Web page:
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Le Roy supervisor says monks’ property may hold key to revitalization

LE ROY – A 75-acre parcel just north of the village may hold the key to putting Le Roy back on the map as a business and industry leader in Genesee County.

That’s the word from Town Supervisor Stephen R. Barbeau, who said he is encouraged by recent actions surrounding the proposed development of the Le Roy Food and Technology Park at the corner of Route 19 and West Bergen Road.

On Thursday, Genesee County Economic Development Center (GCEDC) directors voted to apply for a $1.4 million state grant through the Finger Lakes Regional Economic Development Council to acquire the land and build the infrastructure.

The grant application comes on the heels of Le Roy’s advancement in a $10 million America’s Best Communities contest sponsored primarily by Frontier Communication. Le Roy is one of 50 communities that already has received $50,000, and is in the running for a first prize of $3 million.

“Our goal is to attract clean (energy) commercial enterprises,” Barbeau said. “It would be quite a feather in the cap for a small town in Genesee County.”

At one time, Le Roy used to have the top three or four industries in the county, Barbeau noted. But Lapp Insulator is a shell of what it used to be, and Le Roy Machine and Jello are gone.

“Residents have had to bear the burden as far as taxes are concerned,” he said. “We’ve done a lot of cutting, particularly in the village, to hold the tax rate down as low as possible.”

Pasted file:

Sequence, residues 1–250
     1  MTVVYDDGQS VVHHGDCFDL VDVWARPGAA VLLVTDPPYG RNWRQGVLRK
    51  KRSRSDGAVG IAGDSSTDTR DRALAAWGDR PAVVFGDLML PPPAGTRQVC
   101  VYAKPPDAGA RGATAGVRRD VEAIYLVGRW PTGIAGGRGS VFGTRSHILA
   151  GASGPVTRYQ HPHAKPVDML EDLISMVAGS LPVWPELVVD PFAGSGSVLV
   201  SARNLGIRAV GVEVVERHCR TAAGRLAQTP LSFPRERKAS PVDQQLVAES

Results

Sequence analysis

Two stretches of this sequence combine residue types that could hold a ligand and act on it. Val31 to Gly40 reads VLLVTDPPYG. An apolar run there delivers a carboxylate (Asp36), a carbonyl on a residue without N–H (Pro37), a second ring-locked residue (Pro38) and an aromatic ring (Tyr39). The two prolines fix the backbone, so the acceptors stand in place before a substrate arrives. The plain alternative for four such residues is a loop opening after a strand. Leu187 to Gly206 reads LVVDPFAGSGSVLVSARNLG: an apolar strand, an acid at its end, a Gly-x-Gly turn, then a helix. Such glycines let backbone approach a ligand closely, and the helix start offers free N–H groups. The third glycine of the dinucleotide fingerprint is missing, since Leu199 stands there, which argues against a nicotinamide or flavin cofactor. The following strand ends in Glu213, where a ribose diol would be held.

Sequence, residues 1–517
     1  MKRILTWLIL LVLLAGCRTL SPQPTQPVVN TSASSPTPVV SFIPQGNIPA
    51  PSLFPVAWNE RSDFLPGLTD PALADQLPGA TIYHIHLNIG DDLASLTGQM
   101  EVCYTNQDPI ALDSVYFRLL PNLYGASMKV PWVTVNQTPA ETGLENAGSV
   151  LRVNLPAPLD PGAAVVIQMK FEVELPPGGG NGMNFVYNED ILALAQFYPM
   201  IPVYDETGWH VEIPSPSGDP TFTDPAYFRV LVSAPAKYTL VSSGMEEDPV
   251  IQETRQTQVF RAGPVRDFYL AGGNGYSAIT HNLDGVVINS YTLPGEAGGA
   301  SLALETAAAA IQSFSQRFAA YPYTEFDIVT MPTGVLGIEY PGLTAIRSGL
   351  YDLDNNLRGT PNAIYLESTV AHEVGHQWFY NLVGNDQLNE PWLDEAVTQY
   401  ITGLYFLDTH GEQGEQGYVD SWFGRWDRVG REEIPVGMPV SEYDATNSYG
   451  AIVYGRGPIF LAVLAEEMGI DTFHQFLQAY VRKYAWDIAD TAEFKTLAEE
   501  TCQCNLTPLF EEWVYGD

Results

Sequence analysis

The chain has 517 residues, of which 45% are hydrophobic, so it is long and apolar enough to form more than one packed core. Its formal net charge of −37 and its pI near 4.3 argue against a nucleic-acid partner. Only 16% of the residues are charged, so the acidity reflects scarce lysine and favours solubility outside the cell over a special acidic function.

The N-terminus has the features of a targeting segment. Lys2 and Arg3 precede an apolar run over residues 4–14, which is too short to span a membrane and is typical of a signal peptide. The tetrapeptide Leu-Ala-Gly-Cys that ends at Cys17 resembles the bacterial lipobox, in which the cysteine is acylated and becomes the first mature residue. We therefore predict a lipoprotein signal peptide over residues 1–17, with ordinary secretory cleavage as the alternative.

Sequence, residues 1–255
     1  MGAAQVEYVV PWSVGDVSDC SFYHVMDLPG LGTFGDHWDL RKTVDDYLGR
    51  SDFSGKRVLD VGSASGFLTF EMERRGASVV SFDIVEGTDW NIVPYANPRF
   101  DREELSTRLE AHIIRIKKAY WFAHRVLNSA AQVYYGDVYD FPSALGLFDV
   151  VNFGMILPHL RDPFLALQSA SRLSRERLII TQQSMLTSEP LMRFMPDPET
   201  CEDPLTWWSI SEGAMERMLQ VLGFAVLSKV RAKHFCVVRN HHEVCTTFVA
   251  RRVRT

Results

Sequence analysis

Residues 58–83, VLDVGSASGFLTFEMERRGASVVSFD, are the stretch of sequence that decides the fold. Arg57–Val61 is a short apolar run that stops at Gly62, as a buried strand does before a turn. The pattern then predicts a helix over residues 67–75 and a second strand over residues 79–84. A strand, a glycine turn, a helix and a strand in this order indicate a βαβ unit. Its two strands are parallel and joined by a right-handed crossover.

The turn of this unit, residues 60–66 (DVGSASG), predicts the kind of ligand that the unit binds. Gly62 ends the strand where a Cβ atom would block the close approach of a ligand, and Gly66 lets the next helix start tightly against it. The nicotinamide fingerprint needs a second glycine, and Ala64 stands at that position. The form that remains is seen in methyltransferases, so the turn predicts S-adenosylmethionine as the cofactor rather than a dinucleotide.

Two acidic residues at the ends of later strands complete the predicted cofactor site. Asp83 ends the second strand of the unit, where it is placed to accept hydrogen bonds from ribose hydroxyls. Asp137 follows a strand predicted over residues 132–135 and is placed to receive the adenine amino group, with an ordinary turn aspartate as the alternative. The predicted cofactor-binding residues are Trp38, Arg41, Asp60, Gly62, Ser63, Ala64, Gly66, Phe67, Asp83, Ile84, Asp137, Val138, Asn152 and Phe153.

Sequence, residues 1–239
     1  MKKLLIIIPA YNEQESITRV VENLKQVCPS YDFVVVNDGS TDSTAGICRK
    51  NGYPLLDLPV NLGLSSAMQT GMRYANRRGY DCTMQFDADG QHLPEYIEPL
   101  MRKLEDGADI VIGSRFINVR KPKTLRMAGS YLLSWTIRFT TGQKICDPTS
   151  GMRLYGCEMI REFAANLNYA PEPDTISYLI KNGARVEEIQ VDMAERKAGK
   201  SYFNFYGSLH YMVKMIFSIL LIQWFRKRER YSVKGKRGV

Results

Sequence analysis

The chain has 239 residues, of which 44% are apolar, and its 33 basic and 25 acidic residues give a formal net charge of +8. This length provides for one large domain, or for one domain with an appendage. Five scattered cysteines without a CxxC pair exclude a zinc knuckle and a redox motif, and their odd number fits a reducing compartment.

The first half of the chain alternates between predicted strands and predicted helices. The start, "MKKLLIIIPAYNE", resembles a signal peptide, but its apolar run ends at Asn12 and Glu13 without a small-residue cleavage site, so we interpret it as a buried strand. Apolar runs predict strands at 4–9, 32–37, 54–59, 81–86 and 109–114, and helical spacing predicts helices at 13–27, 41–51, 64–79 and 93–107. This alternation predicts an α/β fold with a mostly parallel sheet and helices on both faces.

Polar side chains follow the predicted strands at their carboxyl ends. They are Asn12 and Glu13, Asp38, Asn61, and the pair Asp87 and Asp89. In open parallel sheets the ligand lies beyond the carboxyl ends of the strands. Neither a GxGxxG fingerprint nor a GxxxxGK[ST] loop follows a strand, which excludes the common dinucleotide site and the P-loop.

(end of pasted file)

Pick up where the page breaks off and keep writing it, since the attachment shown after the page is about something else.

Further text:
Barbeau said Le Roy is working with the Town of Bergen to put together a proposal to Frontier by the first week of November.

He said the $50,000 already received is money “very dedicated toward planning and land acquisition – doing what we need to do to advance to the next round.” The town will contribute $15,000 in matching funds, he added.

The land considered for development is owned by the Mercedarian friars, an order of the Catholic Church. A seminary is on the site, which otherwise is a mix of farmland, wetlands and trees.

Barbeau said the town, in collaboration with the GCEDC, has an option to purchase it. He said it already has essentials such as sewer hookups, electricity and water, but added that it will take about $1 million to upgrade natural gas lines to support commercial development.

The GCEDC is involved because competition rules require the grant applications to be submitted by a not-for-profit corporation.

Le Roy was one of 138 applicants in the America’s Best Communities competition. The 50 quarter-finalist communities have six months to complete their community revitalization plans to be considered for additional funds.

In early 2016, 15 semifinalists will be selected to attend the America’s Best Communities meeting to present their strategies, with eight finalists then awarded $100,000 to continue implementation of their plans.

In April 2017, America’s Best Communities will name its three winners – those featuring innovative plans and efficient implementation. The winning community will be awarded $3 million, with $2 million for second place and $1 million for third.